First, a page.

The first lesson of economics is scarcity: there is never enough of anything to fully satisfy all those who want it. The first lesson of politics is to disregard the first lesson of economics.In one sense (only one) the key message of all 22 clowns on the debate stage was that there's only one pie, and that if anyone has more pie than you (those evil, rich, bastards!) it's because they stole some of your pie. All of the messages I've heard were focused on taking pie back from them and spreading it among the people who think they've had their pie stolen.
In reality, the picture is different. We aren't stuck with one pie that we divide, we can make many more pies. The one economically valuable commodity that doesn't seem to be limited by scarcity is human ingenuity. Because we can write things down and pass them on, ingenuity is cumulative. The old saying along the lines of, "if I've seen farther it has been from standing on the shoulders of giants" sums it up perfectly. We are all standing on the shoulders of giants; taking advantage of all human creativity down through history. In a very real sense, we're living on the accumulated ingenuity from the earliest of history through yesterday.
Is it true that innovations sometimes don't come as quickly as we'd like? Of course! On the other hand, if you look at the stunning progress of Western Civilization over the last couple of hundred years, it's hard not be in awe of what ingenuity and innovation have given us. We went from horse drawn wagons and genuine debates if humans could survive traveling in the early trains at 45 miles per hour, to over 10,000 airplanes in the air at any given moment, carrying thousands of people at several hundred miles per hour. In the space of just the 20th century, we went from the first spindly aircraft to the moon and probes to the edge of the solar system. We went from only being able to communicate with someone else in person (or by letter) to nearly instantaneous global communication.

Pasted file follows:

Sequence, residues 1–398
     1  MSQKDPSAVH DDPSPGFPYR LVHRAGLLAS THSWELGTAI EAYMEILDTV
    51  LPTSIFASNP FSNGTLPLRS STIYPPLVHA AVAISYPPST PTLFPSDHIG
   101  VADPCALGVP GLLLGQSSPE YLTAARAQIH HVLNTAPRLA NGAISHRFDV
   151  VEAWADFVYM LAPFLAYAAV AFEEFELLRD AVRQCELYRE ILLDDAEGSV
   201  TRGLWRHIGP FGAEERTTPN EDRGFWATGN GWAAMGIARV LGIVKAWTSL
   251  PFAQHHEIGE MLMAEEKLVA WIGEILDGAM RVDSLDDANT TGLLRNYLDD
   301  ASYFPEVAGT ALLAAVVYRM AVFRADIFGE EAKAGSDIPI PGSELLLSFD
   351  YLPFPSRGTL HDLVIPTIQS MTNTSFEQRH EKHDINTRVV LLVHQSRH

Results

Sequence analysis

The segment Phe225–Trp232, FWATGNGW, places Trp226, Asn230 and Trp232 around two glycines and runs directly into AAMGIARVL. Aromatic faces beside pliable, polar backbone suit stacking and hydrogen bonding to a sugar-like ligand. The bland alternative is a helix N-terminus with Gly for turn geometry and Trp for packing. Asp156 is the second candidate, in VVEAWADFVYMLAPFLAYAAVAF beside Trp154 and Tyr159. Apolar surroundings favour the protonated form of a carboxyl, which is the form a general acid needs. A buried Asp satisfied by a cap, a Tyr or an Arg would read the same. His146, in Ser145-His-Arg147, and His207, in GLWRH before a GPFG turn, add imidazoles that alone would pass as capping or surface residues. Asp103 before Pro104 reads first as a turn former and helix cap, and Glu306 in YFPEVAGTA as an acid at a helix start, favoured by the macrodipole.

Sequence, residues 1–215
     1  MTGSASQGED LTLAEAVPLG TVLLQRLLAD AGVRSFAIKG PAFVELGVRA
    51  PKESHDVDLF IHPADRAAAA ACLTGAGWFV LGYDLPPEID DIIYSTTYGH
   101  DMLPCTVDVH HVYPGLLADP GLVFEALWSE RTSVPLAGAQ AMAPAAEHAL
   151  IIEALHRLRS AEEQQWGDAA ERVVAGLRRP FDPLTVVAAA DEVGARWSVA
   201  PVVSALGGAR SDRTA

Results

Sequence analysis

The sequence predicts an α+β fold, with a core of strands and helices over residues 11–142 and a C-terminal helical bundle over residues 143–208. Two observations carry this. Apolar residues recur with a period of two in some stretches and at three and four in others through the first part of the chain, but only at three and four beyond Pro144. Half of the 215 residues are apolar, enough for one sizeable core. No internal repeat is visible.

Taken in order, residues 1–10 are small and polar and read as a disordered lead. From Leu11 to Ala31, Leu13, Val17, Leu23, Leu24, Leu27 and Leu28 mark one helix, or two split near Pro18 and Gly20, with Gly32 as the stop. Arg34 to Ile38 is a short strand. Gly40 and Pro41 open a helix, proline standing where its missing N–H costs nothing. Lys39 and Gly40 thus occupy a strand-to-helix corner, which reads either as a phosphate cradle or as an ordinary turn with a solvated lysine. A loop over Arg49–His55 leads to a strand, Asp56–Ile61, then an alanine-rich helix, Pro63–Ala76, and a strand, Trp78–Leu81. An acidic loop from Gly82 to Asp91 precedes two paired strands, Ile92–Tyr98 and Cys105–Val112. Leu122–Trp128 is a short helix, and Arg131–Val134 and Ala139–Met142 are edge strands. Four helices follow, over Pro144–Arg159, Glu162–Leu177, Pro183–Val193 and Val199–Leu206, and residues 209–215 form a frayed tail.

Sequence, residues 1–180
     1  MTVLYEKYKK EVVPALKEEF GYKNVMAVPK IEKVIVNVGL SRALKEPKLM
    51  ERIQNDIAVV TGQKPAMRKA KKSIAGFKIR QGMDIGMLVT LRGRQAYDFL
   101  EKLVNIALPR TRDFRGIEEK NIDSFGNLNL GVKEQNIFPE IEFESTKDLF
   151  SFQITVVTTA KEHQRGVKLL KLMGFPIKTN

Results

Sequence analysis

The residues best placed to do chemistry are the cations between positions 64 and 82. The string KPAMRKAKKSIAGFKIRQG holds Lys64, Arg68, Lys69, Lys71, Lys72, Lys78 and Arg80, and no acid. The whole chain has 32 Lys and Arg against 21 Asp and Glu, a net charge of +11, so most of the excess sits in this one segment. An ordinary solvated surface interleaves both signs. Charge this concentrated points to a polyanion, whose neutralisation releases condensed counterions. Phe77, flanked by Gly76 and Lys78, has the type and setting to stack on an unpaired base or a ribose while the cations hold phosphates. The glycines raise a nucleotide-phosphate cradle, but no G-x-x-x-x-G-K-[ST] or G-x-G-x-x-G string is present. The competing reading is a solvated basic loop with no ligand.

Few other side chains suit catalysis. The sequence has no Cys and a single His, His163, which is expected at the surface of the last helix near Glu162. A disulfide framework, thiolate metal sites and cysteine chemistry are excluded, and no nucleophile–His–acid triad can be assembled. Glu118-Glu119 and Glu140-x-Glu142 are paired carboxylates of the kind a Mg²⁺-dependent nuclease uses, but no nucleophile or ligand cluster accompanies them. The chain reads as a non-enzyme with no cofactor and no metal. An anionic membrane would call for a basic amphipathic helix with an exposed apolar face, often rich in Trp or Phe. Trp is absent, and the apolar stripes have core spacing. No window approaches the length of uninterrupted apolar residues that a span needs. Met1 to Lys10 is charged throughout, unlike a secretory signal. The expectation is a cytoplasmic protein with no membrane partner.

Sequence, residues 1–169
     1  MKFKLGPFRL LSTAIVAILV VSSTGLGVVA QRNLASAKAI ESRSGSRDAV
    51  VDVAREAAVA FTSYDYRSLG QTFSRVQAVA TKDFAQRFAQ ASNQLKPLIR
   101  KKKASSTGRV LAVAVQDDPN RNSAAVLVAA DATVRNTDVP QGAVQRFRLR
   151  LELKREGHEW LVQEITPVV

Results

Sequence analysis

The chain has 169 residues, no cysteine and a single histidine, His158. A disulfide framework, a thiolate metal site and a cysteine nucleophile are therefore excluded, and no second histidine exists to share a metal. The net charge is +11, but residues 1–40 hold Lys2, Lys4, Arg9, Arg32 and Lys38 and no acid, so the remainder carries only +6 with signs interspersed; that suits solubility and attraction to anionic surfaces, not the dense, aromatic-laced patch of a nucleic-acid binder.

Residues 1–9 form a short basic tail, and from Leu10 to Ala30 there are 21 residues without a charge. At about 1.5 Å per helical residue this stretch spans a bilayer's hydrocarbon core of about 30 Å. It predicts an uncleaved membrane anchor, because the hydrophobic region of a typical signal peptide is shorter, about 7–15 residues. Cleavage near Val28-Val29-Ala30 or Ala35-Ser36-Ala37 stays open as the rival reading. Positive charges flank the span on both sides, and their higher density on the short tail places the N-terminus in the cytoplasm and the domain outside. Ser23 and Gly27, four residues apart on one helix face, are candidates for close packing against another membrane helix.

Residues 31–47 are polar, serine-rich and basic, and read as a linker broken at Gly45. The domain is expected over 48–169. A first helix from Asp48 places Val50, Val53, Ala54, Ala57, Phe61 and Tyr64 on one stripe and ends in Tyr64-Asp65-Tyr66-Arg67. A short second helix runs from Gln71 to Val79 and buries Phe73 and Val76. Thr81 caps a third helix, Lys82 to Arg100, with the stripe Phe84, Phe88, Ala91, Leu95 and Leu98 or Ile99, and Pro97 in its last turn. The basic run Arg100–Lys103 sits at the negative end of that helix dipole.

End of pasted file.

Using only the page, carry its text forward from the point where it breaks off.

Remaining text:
Don't miss for a second that those advances came from individuals working in liberty, not the heavy yoke of government trying to more fairly divide the pie.
Instead of dividing one pie,
we can make more pies
It's always the same mistake with these guys. They take some trends, make a linear extrapolation and predict doom. They never consider that history isn't linear. They never seem to grasp that human ingenuity is the most powerful resource on Earth. Time after time, humanity has faced environmental problems or shortages and figured out ways around them.
The history of the human race is a history of using that ingenuity to improvise, adapt, and overcome. It's not a smooth continuum but things get better. In the long term, that's always true.
To quote the British historian Thomas Babington Macaulay, “On what principle is it that with nothing but improvement behind us, we are to expect nothing but deterioration before us?”